However, it was not possible to determine if the first deep ocean use of oil dispersants worked as planned in breaking up and dissipating the oil. Their study, the first peer-reviewed research published on the fate of oil dispersants added to underwater ocean environments, appears in ACS' journal Environmental Science & Technology.
Elizabeth Kujawinski and colleagues note ongoing concern about the environmental fate of the 1.4 million gallons of dispersant applied to the ocean surface and the 770,000 gallons of dispersant pumped to the mile-deep well head during the oil spill in the Gulf of Mexico. Many studies show that dispersants added to surface oil spills prevent them from coating and harming sensitive coastal environments, but no large-scale applications of dispersants in deep water had been conducted until the Deepwater Horizon oil spill. Thus, no data exists on the environmental fate of dispersants in deep water, the scientists say.
The scientists collected and analyzed seawater samples from the Gulf of Mexico for the presence of a key dispersant ingredient, called DOSS (dioctyl sodium sulfosuccinate), during the active oil flow and again after the flow had ceased. They found DOSS became concentrated in the deepwater plumes of suspended oil and gas at depths of up to three-quarters of a mile and did not mix with the surface applications of dispersant. They also detected the dispersant ingredient at distances of nearly 200 miles from the well two months after deepwater dispersant applications ceased, indicating it was not rapidly biodegraded. Their data is not sufficient to resolve whether the dispersant was effective in dispersing the oil coming out of the wellhead. However, the scientists argue that the persistence of the dispersant over long distances and time periods justifies further study of the effects of chemical dispersant and oil mixture exposure.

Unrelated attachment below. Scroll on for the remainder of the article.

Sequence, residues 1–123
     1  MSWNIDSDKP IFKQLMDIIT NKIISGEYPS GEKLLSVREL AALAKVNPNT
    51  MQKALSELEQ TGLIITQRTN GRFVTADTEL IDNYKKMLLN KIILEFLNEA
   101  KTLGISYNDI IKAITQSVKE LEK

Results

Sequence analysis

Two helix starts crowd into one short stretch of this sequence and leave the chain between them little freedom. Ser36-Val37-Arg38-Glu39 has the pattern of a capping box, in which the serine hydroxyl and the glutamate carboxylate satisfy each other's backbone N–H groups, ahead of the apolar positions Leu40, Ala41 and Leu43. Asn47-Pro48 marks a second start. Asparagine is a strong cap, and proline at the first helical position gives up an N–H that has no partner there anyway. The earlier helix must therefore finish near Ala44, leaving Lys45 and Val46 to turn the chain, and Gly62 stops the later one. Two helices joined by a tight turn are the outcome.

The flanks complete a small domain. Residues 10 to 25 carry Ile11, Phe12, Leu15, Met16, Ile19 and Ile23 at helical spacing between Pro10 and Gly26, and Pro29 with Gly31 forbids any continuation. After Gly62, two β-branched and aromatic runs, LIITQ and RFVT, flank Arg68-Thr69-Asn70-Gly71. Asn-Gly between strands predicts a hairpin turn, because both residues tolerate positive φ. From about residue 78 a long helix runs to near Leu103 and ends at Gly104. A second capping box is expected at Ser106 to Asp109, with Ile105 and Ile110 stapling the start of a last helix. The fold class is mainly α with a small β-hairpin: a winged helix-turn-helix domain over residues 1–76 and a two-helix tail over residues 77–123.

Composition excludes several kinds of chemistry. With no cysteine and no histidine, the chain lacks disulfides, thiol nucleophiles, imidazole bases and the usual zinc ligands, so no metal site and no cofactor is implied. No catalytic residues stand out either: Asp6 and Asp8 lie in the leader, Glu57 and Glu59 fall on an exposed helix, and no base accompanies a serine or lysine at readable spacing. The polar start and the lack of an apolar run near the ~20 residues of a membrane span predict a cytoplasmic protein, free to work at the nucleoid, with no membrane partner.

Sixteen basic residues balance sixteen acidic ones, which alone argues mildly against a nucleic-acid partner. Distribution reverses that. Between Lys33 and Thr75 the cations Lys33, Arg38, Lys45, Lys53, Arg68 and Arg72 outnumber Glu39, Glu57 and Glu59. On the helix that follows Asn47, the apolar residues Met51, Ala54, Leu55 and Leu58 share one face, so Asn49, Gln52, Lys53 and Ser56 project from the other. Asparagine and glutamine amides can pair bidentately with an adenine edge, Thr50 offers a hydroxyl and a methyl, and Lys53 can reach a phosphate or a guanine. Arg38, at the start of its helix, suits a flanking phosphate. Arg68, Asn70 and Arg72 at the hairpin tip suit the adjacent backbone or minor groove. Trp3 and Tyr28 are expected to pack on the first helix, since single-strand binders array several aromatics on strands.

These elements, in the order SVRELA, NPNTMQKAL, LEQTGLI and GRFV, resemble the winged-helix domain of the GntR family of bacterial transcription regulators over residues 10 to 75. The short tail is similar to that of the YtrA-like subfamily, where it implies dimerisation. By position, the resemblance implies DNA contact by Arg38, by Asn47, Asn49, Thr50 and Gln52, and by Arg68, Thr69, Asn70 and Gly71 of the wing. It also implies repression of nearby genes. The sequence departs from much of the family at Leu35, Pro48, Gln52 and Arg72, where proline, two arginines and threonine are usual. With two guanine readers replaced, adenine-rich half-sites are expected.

The authors acknowledge funding from the National Science Foundation, the Gordon and Betty Moore Foundation and from the Woods Hole Oceanographic Institution.ARTICLE FOR IMMEDIATE RELEASE
Michael Bernstein | EurekAlert!
Ion treatments for cardiac arrhythmia — Non-invasive alternative to catheter-based surgery
20.01.2017 | GSI Helmholtzzentrum für Schwerionenforschung GmbH
Seeking structure with metagenome sequences
20.01.2017 | DOE/Joint Genome Institute
An important step towards a completely new experimental access to quantum physics has been made at University of Konstanz. The team of scientists headed by...
Yersiniae cause severe intestinal infections. Studies using Yersinia pseudotuberculosis as a model organism aim to elucidate the infection mechanisms of these...
Researchers from the University of Hamburg in Germany, in collaboration with colleagues from the University of Aarhus in Denmark, have synthesized a new superconducting material by growing a few layers of an antiferromagnetic transition-metal chalcogenide on a bismuth-based topological insulator, both being non-superconducting materials.
While superconductivity and magnetism are generally believed to be mutually exclusive, surprisingly, in this new material, superconducting correlations...
Laser-driving of semimetals allows creating novel quasiparticle states within condensed matter systems and switching between different states on ultrafast time scales
Studying properties of fundamental particles in condensed matter systems is a promising approach to quantum field theory. Quasiparticles offer the opportunity...
Among the general public, solar thermal energy is currently associated with dark blue, rectangular collectors on building roofs. Technologies are needed for aesthetically high quality architecture which offer the architect more room for manoeuvre when it comes to low- and plus-energy buildings. With the “ArKol” project, researchers at Fraunhofer ISE together with partners are currently developing two façade collectors for solar thermal energy generation, which permit a high degree of design flexibility: a strip collector for opaque façade sections and a solar thermal blind for transparent sections. The current state of the two developments will be presented at the BAU 2017 trade fair.
As part of the “ArKol – development of architecturally highly integrated façade collectors with heat pipes” project, Fraunhofer ISE together with its partners...
19.01.2017 | Event News
10.01.2017 | Event News
09.01.2017 | Event News
20.01.2017 | Awards Funding
20.01.2017 | Materials Sciences
20.01.2017 | Life Sciences